Frankly, I'm not up for any lengthy summaries. I publish many observations as my regular blog posts, and we had a recent "summary" episode of CTO Morning Coffee on Twitter Spaces recently. Neither I'm going to list personal accomplishments, goals ticked off and such - because why should you (a reader) care?

But looking retrospectively at the last 12 months, there are certain services/products/tools I used (& enjoyed) so much, they deserve a word or two. And that's what this blog post is about: my biggest surprises, discoveries, stuff I found surprisingly helpful - basically, a bunch of recommendations for very different areas of everyday life.

Without further ado:

Best/most valuable tools

  1. Obsidian (for work) - in fact, I dedicated an entire blog post to it, but the more I use it, the more I appreciate it. It hasn't just replaced a bunch of other tools I've used before and proven to be both intuitive and flexible. I can't underappreciate the rich ecosystem of community plugins that frequently surprise me with their authors' creativity. Yes, I used to prefer RR (and I still <3 it), but the truth is that Obsidian's growth has by far surpassed what's happening in Roam (yes, I'm aware of the unfortunate circumstances that have affected Conor and his partner).
  2. Curio - having a sanitized stream of articles from sources like FT, The Economist, MIT Tech Review, WSJ, The Guardian in a narrated form is a clear win. One subscription (instead of many), good selection (I did double-check that), convenient application. I still need to apply my judgment (as all of those sources have their "lenses" that distort their perception of reality), but well - these are the times we're living.
  3. Scribd - I was skeptical (about the idea of "Netflix for books"), but Scribd has proven me wrong. First of all, the selection is vast, and the limitations are practically non-existent. New titles pop up very quickly (in 90% of cases, on the same day the title becomes available on Amazon), not only as e-books but also audiobooks. This app has helped me save a LOT of money this year - the only drawback: it drains the battery much faster than Audible.

Biggest discoveries

  1. Quillette - an online magazine for people who value reason, objective (science-based) truth, and humanism above anything else. It's like a droplet of soothing sanity in the Internet's ocean of fake "truths", extremism, and pure idiocy. The best journalism on the web these days. Free Thought Lives (thanks to Quillette).
  2. iPhone - yeah, so I switched over (from Android). After almost 12 years (my first Android phone was HTC Hero), primarily because I couldn't stand trading my privacy for pretty much nothing anymore. The transition was much more smooth than expected. I don't miss anything particular (from Android/Google), and yeah, I use as few Apple-provided apps as possible (no iTunes, Apple Music, etc.).
  3. Clubhouse - the social platform (type) I was looking for - IMHO, the ideal cure for so-called "digital fatigue" (audio only, LIVE-focused, everyone can participate actively/passively). In the end, we've chosen Twitter Spaces for CTO Morning Coffee, but to be fair - it was Clubhouse that has paved the way.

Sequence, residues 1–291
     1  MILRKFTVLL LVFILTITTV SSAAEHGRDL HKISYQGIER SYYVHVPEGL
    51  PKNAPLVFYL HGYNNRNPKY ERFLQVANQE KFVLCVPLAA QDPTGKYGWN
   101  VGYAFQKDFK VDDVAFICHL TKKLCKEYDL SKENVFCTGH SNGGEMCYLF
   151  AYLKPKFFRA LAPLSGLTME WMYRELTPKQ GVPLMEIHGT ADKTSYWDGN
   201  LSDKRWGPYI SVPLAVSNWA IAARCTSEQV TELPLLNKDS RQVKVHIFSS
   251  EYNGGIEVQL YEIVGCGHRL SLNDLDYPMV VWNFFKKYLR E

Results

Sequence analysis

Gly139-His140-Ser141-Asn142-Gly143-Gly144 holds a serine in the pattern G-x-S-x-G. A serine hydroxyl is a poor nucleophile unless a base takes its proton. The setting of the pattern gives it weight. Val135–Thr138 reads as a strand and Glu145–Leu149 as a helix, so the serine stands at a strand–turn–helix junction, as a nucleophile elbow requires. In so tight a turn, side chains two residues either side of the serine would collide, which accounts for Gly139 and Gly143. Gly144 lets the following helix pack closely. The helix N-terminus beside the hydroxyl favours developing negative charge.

Best books (non-fiction)

I've reviewed all of them on Goodreads, so I'll provide only the links to reviews - you can find all the details (of what I liked and what I didn't) there.

  1. "Staff Engineer" by Will Larson - review link
  2. "Self-Sovereign Identity" by Alex Preukschat - review link
  3. "The Wires of War" by Jacob Helberg - review link
  4. "Wanting: The Power of Mimetic Desire in Everyday Life" by Luke Burgis - review link
  5. "The Changing World Order: Why Nations Succeed and Fail" by Ray Dalio - review link

Most fun (entertainment zone!)

  1. The best board game - Root - yeah, that choice may look surprising, but we've played many more family games this year (with my 9yo daughter), and Root truly shines here: it's engaging for any player (regardless of the age), it provides unmatched variety (because the factions are ultra-asymmetrical) and it rewards creative strategies.
  2. The best music album - Musk Ox "Inheritance" - acoustic, progressive neofolk I've dug out from Bandcamp (which is the best source of new, quality music one can imagine). So addictive & immersive, I couldn't stop listening, but the latest releases from Osi and the Jupiter, Hania Rani, Taurwen, or Walden were not far behind.
  3. The best movie/TV series - no winner/recommendation - TBH I haven't been to the cinema in 2021 (even once), and I've watched just a few shows on streaming (Narcos: Mexico, The Office (w/ S.Carell) and 2-3 documentaries), so there's nothing I couldn't wholeheartedly recommend you.
  4. The best computer/console game - no winner/recommendation - I recall playing only two games in 2021, and both of them are pretty old (Dark Souls 3 and God of War) - they are awesome, but probably the whole world has played them already ;)
  5. The best book (fiction) - "The Wisdom of Crowds" by Joe Abercrombie - Joe has delivered, as he always does. A great conclusion of his latest trilogy ("The Age of Madness") - meaty, satisfying, deeply engaging. The only real competition (this year) was James Islington (I've read all three volumes), but in the end, it simply had to be Abercrombie.

OK, enough with these recommendations. And enough with 2021 (which has brought a lot of pain and sadness in my personal life). I have very high hopes for the fruitful and even more fulfilling 2022. Plans are already ambitious, so buckle up - it's time for another day 1.